E. Howard & Company. Boston, Massachusetts. Wall clock No. 4 with an A. Howard stamped movement. BBB-13

This is an outstanding example of E. Howard’s Model Number 4. It was made by the E. Howard & Company of Boston, Massachusetts circa 1860. This unusual example features a movement that is die-stamped by Albert Howard.

Albert Howard was born in Hingham, Massachusetts on May 20, 1833 the youngest of five children. He was a cousin of Edward Howard’s and at the age of 16, he trained in the clock and balance factory of Howard & Davis. In fact he spent most of his working career involved with the various Howard Clock Companies. At the age of 22, he is listed in the Massachusetts Census as a clockmaker living in Roxbury. In 1857-58, he is listed in the Boston Directories as a clock and balance maker located at 109 Washington Street. It is interesting to note that this is also the same address that Samuel Curtis and Edward Howard listed as their address during this year. In 1858, he is again listed but as a “Clockmaker at Edward Howard’s.” He married Susan Kingman in Boston on May 11, 1859. In 1881, Albert became the general manager of the E. Howard Watch & Clock Company and was also appointed to the board of directors. Albert died of Apoplexy in his home located at 13 Brook Ave in Roxbury on January 1, 1893.

Several wall clock examples are known signed by this Maker. A small number of clocks signed Howard & Davis and E. Howard are found with his die-stamp on the movement.

This model is the second smallest of the five banjo sizes offered by this company. It measures a very manageable 32 inches in length. As a comparison, the smallest example of this set is the No. 5 and that clock measures 29 inches long. The No.1, the largest of the five banjo forms measures a full 50 inches in length.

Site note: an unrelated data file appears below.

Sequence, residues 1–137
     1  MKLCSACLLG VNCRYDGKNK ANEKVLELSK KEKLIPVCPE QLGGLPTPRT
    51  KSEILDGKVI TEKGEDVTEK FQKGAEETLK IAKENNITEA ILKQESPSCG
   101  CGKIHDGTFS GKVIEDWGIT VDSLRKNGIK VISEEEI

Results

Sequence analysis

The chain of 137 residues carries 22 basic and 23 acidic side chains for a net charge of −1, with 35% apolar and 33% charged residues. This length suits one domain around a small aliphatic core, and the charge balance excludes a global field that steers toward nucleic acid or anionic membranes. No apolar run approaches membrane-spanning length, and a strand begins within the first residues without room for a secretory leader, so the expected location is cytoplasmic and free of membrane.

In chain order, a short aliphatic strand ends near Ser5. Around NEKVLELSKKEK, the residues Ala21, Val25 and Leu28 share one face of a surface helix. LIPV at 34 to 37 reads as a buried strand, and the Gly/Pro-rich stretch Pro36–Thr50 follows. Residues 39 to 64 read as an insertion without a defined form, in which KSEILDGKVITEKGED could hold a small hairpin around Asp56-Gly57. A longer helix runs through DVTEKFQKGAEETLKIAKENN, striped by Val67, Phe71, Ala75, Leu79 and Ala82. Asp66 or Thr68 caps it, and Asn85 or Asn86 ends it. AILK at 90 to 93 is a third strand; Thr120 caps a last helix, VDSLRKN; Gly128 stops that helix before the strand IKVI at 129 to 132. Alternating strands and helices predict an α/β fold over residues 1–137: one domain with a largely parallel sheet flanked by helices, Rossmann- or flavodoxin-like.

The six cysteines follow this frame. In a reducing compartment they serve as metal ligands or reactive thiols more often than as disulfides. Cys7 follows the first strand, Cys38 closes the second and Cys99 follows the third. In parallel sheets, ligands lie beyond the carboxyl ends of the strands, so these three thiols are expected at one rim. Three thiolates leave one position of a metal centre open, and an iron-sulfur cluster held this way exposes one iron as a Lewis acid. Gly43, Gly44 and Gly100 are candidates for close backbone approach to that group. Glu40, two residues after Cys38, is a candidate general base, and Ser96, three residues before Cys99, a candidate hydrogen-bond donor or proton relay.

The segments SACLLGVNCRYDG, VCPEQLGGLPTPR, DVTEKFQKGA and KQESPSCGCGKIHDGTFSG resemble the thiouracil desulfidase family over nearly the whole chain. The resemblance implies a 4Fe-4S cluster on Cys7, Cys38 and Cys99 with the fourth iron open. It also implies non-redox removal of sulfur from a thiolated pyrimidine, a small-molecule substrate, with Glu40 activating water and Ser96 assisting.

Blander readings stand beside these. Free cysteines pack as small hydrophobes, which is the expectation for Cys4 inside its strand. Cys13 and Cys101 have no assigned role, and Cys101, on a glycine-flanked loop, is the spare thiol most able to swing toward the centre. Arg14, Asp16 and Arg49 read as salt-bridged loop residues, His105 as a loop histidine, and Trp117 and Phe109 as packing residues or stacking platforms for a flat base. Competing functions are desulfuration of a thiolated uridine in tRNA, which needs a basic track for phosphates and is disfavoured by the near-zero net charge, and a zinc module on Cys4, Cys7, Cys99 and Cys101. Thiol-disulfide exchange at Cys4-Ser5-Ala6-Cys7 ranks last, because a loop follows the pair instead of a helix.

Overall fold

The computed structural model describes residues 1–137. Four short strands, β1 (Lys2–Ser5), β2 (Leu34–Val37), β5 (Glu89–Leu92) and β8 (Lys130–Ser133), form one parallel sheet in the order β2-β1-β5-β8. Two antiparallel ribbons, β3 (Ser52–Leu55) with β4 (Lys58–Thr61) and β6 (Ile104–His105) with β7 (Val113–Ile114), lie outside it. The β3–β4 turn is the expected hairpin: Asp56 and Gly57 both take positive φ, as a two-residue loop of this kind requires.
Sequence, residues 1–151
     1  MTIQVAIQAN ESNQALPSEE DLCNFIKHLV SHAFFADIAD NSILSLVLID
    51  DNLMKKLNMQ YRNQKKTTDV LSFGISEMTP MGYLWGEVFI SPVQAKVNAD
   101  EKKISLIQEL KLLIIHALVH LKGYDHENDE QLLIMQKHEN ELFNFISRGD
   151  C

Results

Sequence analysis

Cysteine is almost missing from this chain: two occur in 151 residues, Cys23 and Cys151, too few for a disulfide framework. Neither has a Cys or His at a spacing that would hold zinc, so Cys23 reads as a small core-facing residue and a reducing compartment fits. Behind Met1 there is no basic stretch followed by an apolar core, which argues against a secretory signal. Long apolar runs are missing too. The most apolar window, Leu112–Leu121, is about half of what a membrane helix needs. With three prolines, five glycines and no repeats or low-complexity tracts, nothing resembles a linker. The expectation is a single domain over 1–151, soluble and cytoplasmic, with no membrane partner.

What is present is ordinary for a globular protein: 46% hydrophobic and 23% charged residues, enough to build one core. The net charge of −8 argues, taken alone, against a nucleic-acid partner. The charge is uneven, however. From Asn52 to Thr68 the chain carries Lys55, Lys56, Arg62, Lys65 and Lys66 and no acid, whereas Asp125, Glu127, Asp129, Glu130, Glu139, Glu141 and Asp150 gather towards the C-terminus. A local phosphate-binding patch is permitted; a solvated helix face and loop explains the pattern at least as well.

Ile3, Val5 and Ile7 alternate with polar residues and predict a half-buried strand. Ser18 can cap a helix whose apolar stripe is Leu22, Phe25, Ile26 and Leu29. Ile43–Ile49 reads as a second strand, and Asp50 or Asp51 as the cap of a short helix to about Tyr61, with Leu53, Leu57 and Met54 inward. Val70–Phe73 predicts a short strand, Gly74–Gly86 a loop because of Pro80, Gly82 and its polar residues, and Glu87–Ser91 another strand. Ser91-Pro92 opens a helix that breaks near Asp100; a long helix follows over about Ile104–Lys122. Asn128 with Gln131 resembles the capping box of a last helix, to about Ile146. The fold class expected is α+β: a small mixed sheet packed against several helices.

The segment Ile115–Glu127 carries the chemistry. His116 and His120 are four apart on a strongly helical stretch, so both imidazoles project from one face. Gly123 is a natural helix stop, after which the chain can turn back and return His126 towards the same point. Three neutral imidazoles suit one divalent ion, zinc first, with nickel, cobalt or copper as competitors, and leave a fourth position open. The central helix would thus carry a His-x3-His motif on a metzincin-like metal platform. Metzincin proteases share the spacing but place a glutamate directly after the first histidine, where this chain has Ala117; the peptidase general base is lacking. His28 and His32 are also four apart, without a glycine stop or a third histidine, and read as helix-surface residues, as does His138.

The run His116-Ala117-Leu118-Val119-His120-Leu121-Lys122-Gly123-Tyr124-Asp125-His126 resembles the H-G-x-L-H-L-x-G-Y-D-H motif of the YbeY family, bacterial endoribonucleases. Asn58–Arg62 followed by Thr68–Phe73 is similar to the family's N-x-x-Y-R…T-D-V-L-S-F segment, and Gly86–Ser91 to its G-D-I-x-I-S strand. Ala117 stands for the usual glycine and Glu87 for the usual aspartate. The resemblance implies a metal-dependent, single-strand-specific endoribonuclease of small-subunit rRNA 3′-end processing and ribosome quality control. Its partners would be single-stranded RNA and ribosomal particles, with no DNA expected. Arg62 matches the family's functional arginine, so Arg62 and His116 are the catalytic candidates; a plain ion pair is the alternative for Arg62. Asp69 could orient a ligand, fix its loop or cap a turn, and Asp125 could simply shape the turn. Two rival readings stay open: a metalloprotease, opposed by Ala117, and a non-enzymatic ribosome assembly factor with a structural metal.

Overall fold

This case has very pleasing proportions. It is constructed in cherry and retains its original virbrantly formatted grain painted decoration. This grain pattern was done in ink with the intention of simulating the bold grain patterns found in rosewood. The finish is quite nice and could possibly be original. Is has taken a darker tone and the surface can be best described as being heavy. The original shellac has slightly broken down The rounded frames are fitted with glass. The two lower panels are decorated or are painted from the back in the traditional E. Howard colors of black, gold and red. The bezel is fitted with clear glass. This protects the paper dial. This model features a paper dial that measures 8 inches in diameter. The company’s name is signed in script. The place location is printed in block lettering.

The movement is made of brass and is excellent quality. It weight driven and features a recoil escapement. It considered to be an accurate time keeper. The movement is die stamped on the front plate, “A. HOWARD / BOSTON.” It is powered by the original cast iron weight and is designed to run eight-days on a full wind. The pendulum rod is wood and supports a bass faced lead bob. This bob is decorated with a concentric ring turned design. Every other ring retains its original damascene design. This is a very good bob.

This example was made circa 1860.

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About Edward Howard of Boston, Massachusetts.

The E. Howard Clock Company has an outstanding reputation for making high quality weight driven wall timepieces, standing regulators, public clocks and electro-mechanical master and watchman clocks.

The E. Howard & Company succeeded the Howard & Davis firm in 1857. The Howard and Davis firm was comprised of Edward Howard and David P. Davis and was established in 1842. Both men served their apprenticeship with Aaron Willard Jr of Boston. This firm was involved in watch and clock manufacturing since 1842. This firm also made high grade clocks, precision balances, sewing machines and fire engines. After the dissolution of Howard and Davis, Edward Howard went on to become Boston’s leading manufacture of weight driven clocks. This included residential clocks, commercial clocks and tower clocks. They also sold a large number of watchman and salve clock systems. These sold well in the late 1800’s.

It has been said that the E. Howard Clock company never made an inexpensive clock and that everything they made was of very good quality. As a result, Howard clocks have become very collectible and are prized by their owners. Today, the E. Howard clock name enjoys outstanding name recognition.

For a more in depth reading of E. Howard and his various businesses, please read “Willard’s Patent Time Pieces” written by Paul Foley.

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